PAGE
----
Viking Ship Found In Norway’s Oslofjord Region

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Scan of the Oslofjord viking ship find

A burial site featuring what seems to be a complete viking ship has been discovered in the Vestfold county in Norway.

This article was first published on Forbes.com

Many spectacular finds have been unearthed in the region over the years, including the famous Oseberg and Gokstad ships now housed in Oslo's Viking Ship Museum.

Hidden in plain sight

The latest discovery of the grave in Borreparken was announced at a press conference in the Midgard Viking Center in Horten.

“The data clearly shows the shape of a ship, and we can see weak traces of a circular depression around the vessel. This could point to the existence of a mound that was later removed,” said a spokesperson for cultural heritage in Vestfold county. Researchers will now carry out detailed investigations to assess the size of the find.

Ola Elvestuen, Norway's Minister of Climate and Environment, called it a ‘historic day'. “This is a new find that will be noticed throughout the world. In the past, fifteen ship finds from the Viking Age were found in Europe. In Norway, seven discoveries have been made, three of which are in Vestfold,” he said.

Map of viking ship site

Georadar scores big again

Ground-penetrating georadar technology produced the find in an area known for its rich Viking heritage. The burial site was found on a large plain among the burial mounds located just a few hundred meters from the Midgard Viking Center, part of the Vestfold Museums. Four buildings believed to be meeting halls had previously been found at the site using the same technology.

Read more: The Vikings in Norway

The motorized high resolution georadar was developed by the Ludwig Boltzmann Institute for Archaeological Prospection and Virtual Archaeology (LBI ArchPro), in conjunction with Vestfold County Council and the Norwegian Institute for Cultural Heritage Research (NIKU).

Oseberg Viking Ship in an Oslo museum
The Viking Ship Museum in Oslo

NIKU archaeologist Lars Gustavsen was involved in a spectacular Viking find last year using the same technology. He said of the technology:

“A find of this scale has never been made before by non-intrusive methods. It really shows the potential of this system in giving you a feel for the wider context of an archaeological survey. While you don’t find a Viking ship every day, I am optimistic that this kind of technology can turn up similar finds in the years to come.”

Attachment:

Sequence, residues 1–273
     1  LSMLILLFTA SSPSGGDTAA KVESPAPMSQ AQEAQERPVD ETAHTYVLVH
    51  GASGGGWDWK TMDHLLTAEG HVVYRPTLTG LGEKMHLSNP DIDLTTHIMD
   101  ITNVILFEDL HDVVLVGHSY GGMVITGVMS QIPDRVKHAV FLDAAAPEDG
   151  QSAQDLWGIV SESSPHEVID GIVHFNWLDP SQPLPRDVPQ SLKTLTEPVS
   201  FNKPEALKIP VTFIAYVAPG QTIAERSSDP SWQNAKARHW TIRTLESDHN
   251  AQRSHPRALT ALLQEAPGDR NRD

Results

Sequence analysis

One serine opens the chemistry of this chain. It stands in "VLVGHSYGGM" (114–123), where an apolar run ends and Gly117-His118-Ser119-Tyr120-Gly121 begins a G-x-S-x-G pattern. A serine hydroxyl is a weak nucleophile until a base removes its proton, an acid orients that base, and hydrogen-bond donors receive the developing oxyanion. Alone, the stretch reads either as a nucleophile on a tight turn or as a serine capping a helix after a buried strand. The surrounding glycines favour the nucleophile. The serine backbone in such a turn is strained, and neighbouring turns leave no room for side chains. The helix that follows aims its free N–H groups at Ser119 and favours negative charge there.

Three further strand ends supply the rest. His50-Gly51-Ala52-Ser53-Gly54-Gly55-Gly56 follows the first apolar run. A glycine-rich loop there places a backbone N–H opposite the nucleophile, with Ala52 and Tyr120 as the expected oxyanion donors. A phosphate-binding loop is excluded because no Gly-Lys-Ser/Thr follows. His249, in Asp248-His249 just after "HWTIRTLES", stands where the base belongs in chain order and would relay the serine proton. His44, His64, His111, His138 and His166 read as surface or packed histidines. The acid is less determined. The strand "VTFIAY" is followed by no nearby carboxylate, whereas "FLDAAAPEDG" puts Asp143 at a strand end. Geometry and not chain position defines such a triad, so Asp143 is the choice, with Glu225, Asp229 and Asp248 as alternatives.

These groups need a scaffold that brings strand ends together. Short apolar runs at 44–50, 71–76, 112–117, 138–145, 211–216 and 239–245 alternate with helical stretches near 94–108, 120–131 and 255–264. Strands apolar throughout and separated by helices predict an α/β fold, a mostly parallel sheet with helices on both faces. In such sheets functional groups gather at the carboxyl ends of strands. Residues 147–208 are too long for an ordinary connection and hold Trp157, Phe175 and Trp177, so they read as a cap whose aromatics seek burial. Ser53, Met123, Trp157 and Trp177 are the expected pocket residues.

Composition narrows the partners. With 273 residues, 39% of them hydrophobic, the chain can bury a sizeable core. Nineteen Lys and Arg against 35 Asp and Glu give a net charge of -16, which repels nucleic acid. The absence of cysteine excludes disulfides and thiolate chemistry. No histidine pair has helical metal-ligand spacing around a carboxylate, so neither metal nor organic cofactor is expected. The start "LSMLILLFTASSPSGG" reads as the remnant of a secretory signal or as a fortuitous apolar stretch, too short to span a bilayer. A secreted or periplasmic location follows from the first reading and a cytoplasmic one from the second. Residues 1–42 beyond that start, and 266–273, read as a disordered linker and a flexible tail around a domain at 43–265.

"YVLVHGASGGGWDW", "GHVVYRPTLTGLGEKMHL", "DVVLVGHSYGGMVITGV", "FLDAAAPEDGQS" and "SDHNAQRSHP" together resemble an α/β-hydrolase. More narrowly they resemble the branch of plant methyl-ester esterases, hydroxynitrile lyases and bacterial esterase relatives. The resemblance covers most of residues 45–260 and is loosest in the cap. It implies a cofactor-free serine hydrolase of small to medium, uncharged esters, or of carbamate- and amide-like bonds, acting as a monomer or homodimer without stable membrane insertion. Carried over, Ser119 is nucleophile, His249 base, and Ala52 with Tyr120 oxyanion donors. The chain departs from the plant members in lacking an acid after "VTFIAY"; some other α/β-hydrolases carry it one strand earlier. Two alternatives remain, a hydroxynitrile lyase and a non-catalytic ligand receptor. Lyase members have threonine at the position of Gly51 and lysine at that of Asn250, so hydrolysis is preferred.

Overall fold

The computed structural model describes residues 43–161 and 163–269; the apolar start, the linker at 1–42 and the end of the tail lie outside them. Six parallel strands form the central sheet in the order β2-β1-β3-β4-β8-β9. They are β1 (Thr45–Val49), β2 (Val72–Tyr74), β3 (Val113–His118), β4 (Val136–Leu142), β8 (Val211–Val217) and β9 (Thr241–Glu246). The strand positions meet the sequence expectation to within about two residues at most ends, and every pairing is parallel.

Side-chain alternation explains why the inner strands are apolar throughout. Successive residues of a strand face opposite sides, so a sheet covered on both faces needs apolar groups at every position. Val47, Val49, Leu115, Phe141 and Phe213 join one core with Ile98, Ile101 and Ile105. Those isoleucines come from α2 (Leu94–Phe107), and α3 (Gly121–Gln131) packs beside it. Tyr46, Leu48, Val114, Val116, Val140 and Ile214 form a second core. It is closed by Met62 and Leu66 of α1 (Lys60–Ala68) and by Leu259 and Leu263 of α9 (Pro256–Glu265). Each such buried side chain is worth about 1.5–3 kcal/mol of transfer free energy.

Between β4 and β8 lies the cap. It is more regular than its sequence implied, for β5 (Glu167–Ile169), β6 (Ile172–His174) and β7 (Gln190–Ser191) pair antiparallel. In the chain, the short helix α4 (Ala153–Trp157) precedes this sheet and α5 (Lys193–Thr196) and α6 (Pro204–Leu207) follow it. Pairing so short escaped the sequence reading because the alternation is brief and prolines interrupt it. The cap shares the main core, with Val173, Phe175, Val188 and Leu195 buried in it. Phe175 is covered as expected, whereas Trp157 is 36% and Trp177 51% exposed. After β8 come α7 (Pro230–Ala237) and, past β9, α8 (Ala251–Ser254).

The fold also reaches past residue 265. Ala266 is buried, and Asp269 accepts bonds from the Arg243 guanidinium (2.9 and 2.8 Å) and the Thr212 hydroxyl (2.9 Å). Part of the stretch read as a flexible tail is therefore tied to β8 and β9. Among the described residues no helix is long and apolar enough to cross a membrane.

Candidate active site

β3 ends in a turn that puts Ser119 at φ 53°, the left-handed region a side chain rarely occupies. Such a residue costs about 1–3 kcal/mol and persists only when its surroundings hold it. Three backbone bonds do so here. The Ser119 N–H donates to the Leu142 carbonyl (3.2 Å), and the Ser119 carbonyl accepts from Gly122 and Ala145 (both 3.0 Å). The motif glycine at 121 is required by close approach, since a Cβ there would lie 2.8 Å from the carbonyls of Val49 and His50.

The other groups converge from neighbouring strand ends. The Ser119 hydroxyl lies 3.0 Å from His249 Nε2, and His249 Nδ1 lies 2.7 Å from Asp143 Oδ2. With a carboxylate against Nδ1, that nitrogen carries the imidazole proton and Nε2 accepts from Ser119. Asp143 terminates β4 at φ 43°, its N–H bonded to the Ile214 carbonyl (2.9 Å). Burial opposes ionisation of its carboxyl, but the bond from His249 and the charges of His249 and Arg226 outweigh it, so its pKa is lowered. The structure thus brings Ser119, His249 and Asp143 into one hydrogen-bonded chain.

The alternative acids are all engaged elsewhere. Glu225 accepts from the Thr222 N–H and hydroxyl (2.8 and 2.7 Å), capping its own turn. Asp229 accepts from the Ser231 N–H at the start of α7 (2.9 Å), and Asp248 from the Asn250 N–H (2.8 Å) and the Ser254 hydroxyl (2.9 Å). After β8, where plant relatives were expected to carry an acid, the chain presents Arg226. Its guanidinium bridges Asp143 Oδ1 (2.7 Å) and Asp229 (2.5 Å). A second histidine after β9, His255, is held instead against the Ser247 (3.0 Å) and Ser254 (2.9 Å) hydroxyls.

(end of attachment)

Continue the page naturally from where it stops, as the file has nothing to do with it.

Calls for heritage status

“This contributes to strengthening our own historical identity”, said the Mayor of Vestfold county. “It's not every day we find a new Viking ship, so this is really exciting. But for us in Vestfold it is no surprise. There are many treasures from the Viking Age hidden in our country's turf.”

The Vestfold region has the highest concentration of monumental burials in Scandinavia. Their location in a coastal landscape along one of the main sailing routes reflects the maritime focus of the period. The burial sites of Vestfold add to the global understanding of the Viking age and the symbolic role the ships played in life and death.

Local leaders are now calling for the area to be added to the UNESCO World Heritage list. At present Norway has eight entries the list: Bergen's Bryggen, Urnes stave church, Røros mining town, the rock art of Alta, the Vega archipelago, Struve geodetic arc, the west Norwegian fjords (Geirangerfjord and Nærøyfjord) and the Rjukan-Notodden industrial heritage site

Since 2011, the ‘Vestfold Ship Burials and Hyllestad Quernstone Quarries' have been listed on the tentative list, alongside the Laponian area, the Lofoten islands, the Svalbard archipelago, and the islands of Jan Mayen and Bouvet.

The continued finds in the region only serve to strengthen the case. Back in December 2018, Tønsbergs Blad reported on the discovery of large nails that could have belonged to a ship of more than 15 meters in length. This find spurred the start of a georadar survey project in the area.

This article was first published on Forbes.com

About David Nikel

Originally from the UK, David now lives in Trondheim and was the original founder of Life in Norway back in 2011. He now works as a professional writer on all things Scandinavia.

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